# Resolution And Fallacies

**Resolution**: Computer programs have been developed to automate the task of reasoning and proving theorems. Many of these programs make use of a rule of inference known as resolution. This rule of inference is based on the tautology

((p ∨ q) ∧ (¬p ∨ r)) → (q ∨ r).

The final disjunction in the resolution rule, q ∨ r, is called the resolvent. When we let q = r in this tautology, we obtain (p ∨ q) ∧ (¬p ∨ q) → q. Furthermore, when we let r = F, we obtain (p ∨ q) ∧ (¬p) → q (because q ∨ F ≡ q), which is the tautology on which the rule of disjunctive syllogism is based.

**EXAMPLE 1 **Use resolution to show that the hypotheses “Jasmine is skiing or it is not snowing” and “It is snowing or Bart is playing hockey” imply that “Jasmine is skiing or Bart is playing hockey.”

**Solution:** Let p be the proposition “It is snowing,” q the proposition “Jasmine is skiing,” and r the proposition “Bart is playing hockey.”We can represent the hypotheses as ¬p ∨ q and p ∨ r, respectively. Using resolution, the proposition q ∨ r, “Jasmine is skiing or Bart is playing hockey,” follows.

Resolution plays an important role in programming languages based on the rules of logic, such as Prolog (where resolution rules for quantified statements are applied). Furthermore, it can be used to build automatic theorem proving systems. To construct proofs in propositional logic using resolution as the only rule of inference, the hypotheses and the conclusion must be expressed as clauses, where a clause is a disjunction of variables or negations of these variables.

We can replace a statement in propositional logic that is not a clause by one or more equivalent statements that are clauses. For example, suppose we have a statement of the form p ∨ (q ∧ r). Because p ∨ (q ∧ r) ≡ (p ∨ q) ∧ (p ∨ r), we can replace the single statement p ∨ (q ∧ r) by two statements p ∨ q and p ∨ r, each of which is a clause. We can replace a statement of the form ¬(p ∨ q) by the two statements ¬p and ¬q because De Morgan’s law tells us that ¬(p ∨ q) ≡ ¬p ∧¬q.We can also replace a conditional statement p → q with the equivalent disjunction ¬p ∨ q.

**EXAMPLE 2 **Show that the premises (p ∧ q) ∨ r and r → s imply the conclusion p ∨ s.

**Solution:**We can rewrite the premises (p ∧ q) ∨ r as two clauses, p ∨ r and q ∨ r.We can also replace r → s by the equivalent clause ¬r ∨ s. Using the two clauses p ∨ r and ¬r ∨ s, we can use resolution to conclude p ∨ s.

**
Fallacies**: Several common fallacies arise in incorrect arguments. These fallacies resemble rules of inference, but are based on contingencies rather than tautologies. These are discussed here to show the distinction between correct and incorrect reasoning.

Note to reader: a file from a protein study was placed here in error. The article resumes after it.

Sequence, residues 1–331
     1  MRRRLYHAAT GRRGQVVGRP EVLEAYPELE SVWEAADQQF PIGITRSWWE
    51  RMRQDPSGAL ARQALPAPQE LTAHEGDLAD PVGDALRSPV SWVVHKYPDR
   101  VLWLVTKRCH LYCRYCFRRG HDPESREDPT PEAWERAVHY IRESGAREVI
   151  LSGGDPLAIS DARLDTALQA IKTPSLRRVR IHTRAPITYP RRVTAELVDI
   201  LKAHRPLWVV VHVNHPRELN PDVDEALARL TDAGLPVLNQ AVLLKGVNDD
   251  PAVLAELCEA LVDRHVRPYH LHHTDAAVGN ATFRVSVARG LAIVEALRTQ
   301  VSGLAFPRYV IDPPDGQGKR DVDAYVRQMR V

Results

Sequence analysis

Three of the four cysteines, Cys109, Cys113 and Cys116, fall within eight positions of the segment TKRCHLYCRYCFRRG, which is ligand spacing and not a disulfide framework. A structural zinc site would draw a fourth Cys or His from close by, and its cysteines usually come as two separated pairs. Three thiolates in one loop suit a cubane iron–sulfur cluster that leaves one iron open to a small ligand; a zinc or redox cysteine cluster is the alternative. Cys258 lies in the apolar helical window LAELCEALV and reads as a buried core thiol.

The proposition ((p → q) ∧ q) → p is not a tautology, because it is false when p is false and q is true. However, there are many incorrect arguments that treat this as a tautology. In other words, they treat the argument with premises p → q and q and conclusion p as a valid argument form, which it is not. This type of incorrect reasoning is called the fallacy of affirming the conclusion.

**EXAMPLE 3 **Is the following argument valid? If you do every problem in any book, then you will learn discrete mathematics.You learned discrete mathematics. Therefore, you did every problem in any book.

**Solution: **Let p be the proposition “You did every problem in this book.” Let q be the proposition “You learned discrete mathematics.” Then this argument is of the form: if p → q and q, then p. This is an example of an incorrect argument using the fallacy of affirming the conclusion. Indeed, it is possible for you to learn discrete mathematics in someway other than by doing every problem in this book. (You may learn discrete mathematics by reading, listening to lectures, doing some, but not all, the problems in this book, and so on.)

The proposition ((p → q)∧¬p)→¬q is not a tautology, because it is false when p is false and q is true. Many incorrect arguments use this incorrectly as a rule of inference. This type of incorrect reasoning is called the fallacy of denying the hypothesis.

**EXAMPLE 4** Let p and q be as in Example 10. If the conditional statement p → q is true, and ¬p is true, is it correct to conclude that ¬q is true? In other words, is it correct to assume that you did not learn discrete mathematics if you did not do every problem in the book, assuming that if you do every problem in this book, then you will learn discrete mathematics?

**Solution: **It is possible that you learned discrete mathematics even if you did not do every problem in this book. This incorrect argument is of the form p → q and ¬p imply ¬q, which is an example of the fallacy of denying the hypothesis.